December 17, 2020
Selling your home is a major undertaking, and there are many tasks required to move from contract to closing. If you take your eye off the ball, a lot that’s preventable can go wrong. Heed these reminders to prevent your home sale from coming to a screeching halt.
It’s All in the Pricing: Make Decisions Logically, Not Emotionally
2020 has been an epic year for the suburban New Jersey real estate market as city dwellers flock to the suburbs, in large part because of COVID-19. The increase in prospective buyers led to bidding wars which in turn led to many houses selling for tens of thousands of dollars (sometimes more!) over the listing price. Higher than normal pricing worked for sellers if their buyers were purchasing without a mortgage but against them when buyers needed to borrow to complete the sale. Because comparable pre-Covid sales could not support the high selling price, in many cases a lender’s appraisal did not match the agreed upon purchase price. This puts the parties in a position of having to scuttle the deal or renegotiate the purchase price if a buyer cannot or is unwilling to pony up the extra cash or restructure the terms of their financing.
It’s important to remember that price is a reflection of market circumstances, past sale performance on comparable properties and what the current lending market will bear. You must temper the excitement of bidding war reality and bring your house to market at a fair and reasonable price. Pricing your home is one situation where following just your pocketbook can get you into trouble and leave you holding the bag on what you thought was a done deal.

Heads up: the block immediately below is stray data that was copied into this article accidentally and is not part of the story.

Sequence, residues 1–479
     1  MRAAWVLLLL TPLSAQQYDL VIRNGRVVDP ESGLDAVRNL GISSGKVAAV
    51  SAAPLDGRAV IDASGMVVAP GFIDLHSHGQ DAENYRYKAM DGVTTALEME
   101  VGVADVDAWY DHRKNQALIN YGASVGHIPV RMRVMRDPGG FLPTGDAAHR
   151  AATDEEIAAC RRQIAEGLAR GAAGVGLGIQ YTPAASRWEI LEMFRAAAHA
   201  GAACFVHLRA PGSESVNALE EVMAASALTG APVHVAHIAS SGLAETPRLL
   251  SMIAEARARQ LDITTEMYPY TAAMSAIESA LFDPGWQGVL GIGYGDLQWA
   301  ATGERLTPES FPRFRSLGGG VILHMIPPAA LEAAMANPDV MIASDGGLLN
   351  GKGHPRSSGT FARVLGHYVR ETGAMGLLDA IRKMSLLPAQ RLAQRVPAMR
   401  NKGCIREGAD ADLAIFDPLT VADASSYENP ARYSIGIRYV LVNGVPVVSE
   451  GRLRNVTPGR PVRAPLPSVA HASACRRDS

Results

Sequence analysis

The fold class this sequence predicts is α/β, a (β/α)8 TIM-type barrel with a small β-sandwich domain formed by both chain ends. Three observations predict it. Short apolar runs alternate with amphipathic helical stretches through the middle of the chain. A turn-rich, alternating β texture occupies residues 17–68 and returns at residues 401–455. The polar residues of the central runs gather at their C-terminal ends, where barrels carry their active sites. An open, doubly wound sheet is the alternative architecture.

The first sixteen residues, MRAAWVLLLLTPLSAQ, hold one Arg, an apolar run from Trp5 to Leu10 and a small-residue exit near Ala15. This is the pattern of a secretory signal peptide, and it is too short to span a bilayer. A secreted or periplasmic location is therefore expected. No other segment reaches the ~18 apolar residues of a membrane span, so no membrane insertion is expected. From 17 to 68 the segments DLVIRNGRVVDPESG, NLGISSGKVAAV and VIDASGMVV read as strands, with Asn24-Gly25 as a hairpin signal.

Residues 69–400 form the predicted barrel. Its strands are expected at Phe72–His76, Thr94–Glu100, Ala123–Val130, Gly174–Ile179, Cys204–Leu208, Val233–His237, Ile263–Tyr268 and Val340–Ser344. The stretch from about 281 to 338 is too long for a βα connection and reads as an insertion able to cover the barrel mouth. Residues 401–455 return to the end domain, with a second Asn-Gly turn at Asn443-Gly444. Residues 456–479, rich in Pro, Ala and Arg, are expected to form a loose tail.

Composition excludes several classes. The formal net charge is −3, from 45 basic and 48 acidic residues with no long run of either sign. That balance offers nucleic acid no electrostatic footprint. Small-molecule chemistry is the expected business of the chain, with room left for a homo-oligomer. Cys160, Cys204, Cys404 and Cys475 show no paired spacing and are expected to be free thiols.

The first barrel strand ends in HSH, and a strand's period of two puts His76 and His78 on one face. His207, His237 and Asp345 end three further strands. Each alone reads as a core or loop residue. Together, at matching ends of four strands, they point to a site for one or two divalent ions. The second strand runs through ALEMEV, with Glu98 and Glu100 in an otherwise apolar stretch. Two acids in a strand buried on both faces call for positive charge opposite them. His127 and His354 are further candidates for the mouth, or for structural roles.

Freeze Your Equity Line
Unlike a conventional mortgage, a home equity line is like a credit card that can be used by a homeowner to make purchases that have no relationship to the property. However, the line of credit is secured by the property and the bank that extends the credit has a lien on the property as a means of insuring they are paid back.
Although the proceeds of your sale can be used to pay off your home equity loan balance at closing, the title company and buyer’s attorney will require that the line has been blocked or frozen from future use well in advance of closing. This prevents a seller from making a last minute, high-price purchase which is not reflected in the payoff amount and prevents the release of the bank’s lien. It often takes banks weeks to issue formal confirmation that a home equity line has been frozen. And while your attorney may be able to obtain the payoff amount, she will not be able freeze your home equity line for you. To avoid closing delays, homeowners should request a “freeze letter” well in advance of closing.